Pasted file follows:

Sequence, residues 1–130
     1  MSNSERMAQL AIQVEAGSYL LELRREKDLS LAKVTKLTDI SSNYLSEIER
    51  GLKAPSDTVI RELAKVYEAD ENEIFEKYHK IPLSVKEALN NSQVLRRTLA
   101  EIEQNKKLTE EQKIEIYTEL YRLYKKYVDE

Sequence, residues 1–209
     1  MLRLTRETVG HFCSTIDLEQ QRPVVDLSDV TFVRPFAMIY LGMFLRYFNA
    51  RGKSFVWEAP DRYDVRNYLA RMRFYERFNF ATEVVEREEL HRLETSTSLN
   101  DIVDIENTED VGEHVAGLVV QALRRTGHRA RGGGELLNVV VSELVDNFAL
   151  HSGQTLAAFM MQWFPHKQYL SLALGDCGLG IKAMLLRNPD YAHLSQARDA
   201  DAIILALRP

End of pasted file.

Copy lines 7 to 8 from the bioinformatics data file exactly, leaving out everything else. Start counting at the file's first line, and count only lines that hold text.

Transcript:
    51  RGKSFVWEAP DRYDVRNYLA RMRFYERFNF ATEVVEREEL HRLETSTSLN
   101  DIVDIENTED VGEHVAGLVV QALRRTGHRA RGGGELLNVV VSELVDNFAL